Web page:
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camcam23
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Rental Property  Reply with quote  

I currently have 2 mortgages one will be paid off in the next 2 months. Debating between investing in another rental vs. paying off 2nd mortgage. I have no other debt save the 2 mortgages.
Post Mon Mar 23, 2015 5:34 pm
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littleroc02us
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I have one Duplex rental property in a nice Minneapolis neighborhood that are both rented. My property is worth 225k and I owe 132k. I cash flow $450 after all expenses, Mortgage, insurance and taxes. Plus I have an EF fund. Because I have nearly 100k equity in this property and I'm cashing flowing on this property I personally would feel comfortable in saving for another rental property with 25% down. I like the idea of lower risks versus someone who keeps very little equity in their property.

My brother in law has 3 investment properties, has very little equity and very little cash flow. How is that a good idea.

Risk comes from not knowing what you're doing. (Warren Buffet)
Post Tue Mar 24, 2015 9:17 pm
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oldguy
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quote:
How is that a good idea.


I'll try to answer that. I did that very thing for over 30 years. I had 4 houses, whenever my equity got up to around 50% in one of the houses, I refi'd and removed the equity. One house was on it's 5th mortgage. Ie, I kept my equity purposely low (and my cashflow purposely low). So - not unlike your BIL.

And I used the cashouts during all of those 30 years as seed money to invest in the stock market. The houses did well over those years - but the seed money in stocks did way better, that was the big part of my wealth.

Whenever I want to increase my risk level, I do it by refi'ing a house and removing the equity.
Post Tue Mar 24, 2015 10:58 pm
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Wino
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Once again, the oldguy method requires the buyer/borrower to ALREADY have the value in cash or equivalent. You then have the ability to pay off the borrowed amount by withdrawing assets from your investments. If you're borrowing money you do not have, you cannot invest the same value in the market.

Unless said investments crash at the same time as the market crashes - 2009, anyone? In that case, you're stuck cash-flowing the mortgage with your own income. If at the same time as the aforementioned crash your renters - say, they lost their job and were forced to downsize - move out, you must be able to cover all costs from your investments and personal income.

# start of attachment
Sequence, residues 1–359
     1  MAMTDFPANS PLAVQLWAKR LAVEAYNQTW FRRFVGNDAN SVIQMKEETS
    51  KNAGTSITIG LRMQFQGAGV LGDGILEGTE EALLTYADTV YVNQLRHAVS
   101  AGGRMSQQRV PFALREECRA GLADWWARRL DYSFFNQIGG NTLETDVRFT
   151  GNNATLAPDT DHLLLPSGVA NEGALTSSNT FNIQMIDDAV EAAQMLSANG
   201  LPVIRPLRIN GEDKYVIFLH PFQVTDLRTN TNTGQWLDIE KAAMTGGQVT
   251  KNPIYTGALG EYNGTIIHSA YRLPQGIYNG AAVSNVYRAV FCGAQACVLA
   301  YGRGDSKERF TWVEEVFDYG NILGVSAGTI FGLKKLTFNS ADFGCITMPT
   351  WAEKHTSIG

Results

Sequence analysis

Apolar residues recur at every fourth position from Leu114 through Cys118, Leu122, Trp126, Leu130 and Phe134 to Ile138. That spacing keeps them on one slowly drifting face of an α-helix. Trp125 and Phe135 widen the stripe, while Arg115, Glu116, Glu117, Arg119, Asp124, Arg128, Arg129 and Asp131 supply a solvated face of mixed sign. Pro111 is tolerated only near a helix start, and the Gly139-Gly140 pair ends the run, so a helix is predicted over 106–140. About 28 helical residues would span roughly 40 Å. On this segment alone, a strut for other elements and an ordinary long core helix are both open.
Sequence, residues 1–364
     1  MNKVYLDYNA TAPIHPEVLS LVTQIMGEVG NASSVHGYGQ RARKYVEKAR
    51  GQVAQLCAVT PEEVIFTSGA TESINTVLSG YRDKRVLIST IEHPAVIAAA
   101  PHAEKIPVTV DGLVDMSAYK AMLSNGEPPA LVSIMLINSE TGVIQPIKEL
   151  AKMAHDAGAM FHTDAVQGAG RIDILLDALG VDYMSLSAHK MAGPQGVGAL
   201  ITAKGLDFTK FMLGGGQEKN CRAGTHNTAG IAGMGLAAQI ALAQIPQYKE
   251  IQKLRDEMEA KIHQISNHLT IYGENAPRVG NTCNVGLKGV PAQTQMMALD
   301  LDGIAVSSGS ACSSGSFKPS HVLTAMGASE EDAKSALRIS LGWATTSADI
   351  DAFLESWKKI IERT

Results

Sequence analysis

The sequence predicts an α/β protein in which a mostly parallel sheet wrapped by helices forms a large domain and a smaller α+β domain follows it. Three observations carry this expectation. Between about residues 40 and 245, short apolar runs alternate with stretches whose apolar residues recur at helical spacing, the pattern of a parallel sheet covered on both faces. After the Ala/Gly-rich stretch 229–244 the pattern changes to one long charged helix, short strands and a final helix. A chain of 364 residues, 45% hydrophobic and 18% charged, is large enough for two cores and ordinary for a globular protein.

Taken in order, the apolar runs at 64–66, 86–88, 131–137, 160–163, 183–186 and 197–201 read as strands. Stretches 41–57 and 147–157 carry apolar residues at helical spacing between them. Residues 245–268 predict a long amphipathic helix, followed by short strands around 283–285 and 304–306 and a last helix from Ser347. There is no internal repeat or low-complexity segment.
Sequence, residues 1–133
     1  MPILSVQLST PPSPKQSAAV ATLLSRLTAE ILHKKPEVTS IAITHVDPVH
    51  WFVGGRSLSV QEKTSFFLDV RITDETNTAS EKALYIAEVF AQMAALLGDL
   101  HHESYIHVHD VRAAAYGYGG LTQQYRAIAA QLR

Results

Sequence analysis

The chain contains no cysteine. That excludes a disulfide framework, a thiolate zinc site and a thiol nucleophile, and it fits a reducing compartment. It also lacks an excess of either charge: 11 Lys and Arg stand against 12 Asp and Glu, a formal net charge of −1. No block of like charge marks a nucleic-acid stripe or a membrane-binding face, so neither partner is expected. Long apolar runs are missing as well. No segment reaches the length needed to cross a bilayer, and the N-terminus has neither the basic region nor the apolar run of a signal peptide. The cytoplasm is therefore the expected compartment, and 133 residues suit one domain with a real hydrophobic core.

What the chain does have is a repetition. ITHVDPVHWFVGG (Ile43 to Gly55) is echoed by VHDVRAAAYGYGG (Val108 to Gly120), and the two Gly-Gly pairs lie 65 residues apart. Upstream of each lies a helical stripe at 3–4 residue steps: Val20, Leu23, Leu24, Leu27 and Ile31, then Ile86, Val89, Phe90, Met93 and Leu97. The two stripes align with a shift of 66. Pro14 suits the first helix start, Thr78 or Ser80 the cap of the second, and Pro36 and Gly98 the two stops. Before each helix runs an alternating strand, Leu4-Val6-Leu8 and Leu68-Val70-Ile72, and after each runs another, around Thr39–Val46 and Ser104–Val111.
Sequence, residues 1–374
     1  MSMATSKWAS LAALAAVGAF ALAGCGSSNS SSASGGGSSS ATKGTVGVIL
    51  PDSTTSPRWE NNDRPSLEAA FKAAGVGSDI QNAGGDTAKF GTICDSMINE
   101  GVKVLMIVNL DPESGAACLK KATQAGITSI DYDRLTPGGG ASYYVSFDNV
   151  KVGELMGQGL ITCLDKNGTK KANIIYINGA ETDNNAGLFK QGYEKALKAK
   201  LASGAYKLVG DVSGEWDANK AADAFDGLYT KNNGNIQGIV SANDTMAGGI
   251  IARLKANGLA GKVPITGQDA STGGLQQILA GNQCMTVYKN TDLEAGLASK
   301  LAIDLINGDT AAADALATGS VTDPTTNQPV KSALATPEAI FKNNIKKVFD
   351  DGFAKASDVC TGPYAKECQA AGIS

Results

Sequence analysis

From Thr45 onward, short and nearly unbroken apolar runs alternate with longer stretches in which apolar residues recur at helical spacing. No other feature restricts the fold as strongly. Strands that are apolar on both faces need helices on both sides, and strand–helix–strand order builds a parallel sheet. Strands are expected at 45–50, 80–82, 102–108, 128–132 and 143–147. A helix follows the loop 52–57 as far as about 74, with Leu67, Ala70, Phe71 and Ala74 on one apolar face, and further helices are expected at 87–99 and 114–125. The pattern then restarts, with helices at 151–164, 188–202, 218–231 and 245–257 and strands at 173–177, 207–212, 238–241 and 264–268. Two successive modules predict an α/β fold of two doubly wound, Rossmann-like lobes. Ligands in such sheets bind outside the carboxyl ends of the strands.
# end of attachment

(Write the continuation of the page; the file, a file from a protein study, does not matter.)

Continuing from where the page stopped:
This is why having equity/value set aside in various entities is the safer way. If you have 20% of your wealth in real estate equity, 60% in equities (stocks), and 20% in bonds, rocks (gold, silver, etc), or other alternatives, you're more insulated to market changes. If one or two of the above go down, it is likely the third will go up, giving you the likelihood of a win in at least one category.

Risk is real, and putting everything in the market as oldguy proposes is a very real and very significant risk Note he had many episodes of investing, which gives him a dollar-cost average in operation if not in intent, which insulated him from some of the risk. To put every penny of savings and equity into the stock market at one time opens one to the chance that the market will crash, cutting you to as low as 50% overnight, with a probable 4 to 5 year wait until returning to the same level of value.
Post Wed Mar 25, 2015 6:40 am
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oldguy
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quote:
the oldguy method requires the buyer/borrower to ALREADY have the value in cash or equivalent. You then have the ability to pay off the borrowed amount by withdrawing assets from your investments. If you're borrowing money you do not have, you cannot invest the same value in the market.


Not true. I bought 5 houses between 1971 and 1981. I doubt that I had over $10,000 at the time. Bought #1, 3 yrs later I put a 2nd on it and used the money to make a DP on #2. A couple yrs later I put a 2nd on #2 and made a DP on #3. In 80 or 81 I sold #1 and used the money to make DPs on #4 & #5. Then I kept those 4 houses for about 30 yrs (still have 2 of them). But I definitely did not have "cash or equivalent" - that came later.

But you are right about 'risk' - risk management, risk analysis, risk mitigation is extremely important, you need to analyze the possible outcomes and plan your back-door exits for various scenarios. But you NEED risk, no wage earner ever became wealthy with savings accounts, it requires investments.
Post Wed Mar 25, 2015 3:35 pm
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littleroc02us
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quote:
Originally posted by oldguy
quote:
How is that a good idea.


I'll try to answer that. I did that very thing for over 30 years. I had 4 houses, whenever my equity got up to around 50% in one of the houses, I refi'd and removed the equity. One house was on it's 5th mortgage. Ie, I kept my equity purposely low (and my cashflow purposely low). So - not unlike your BIL.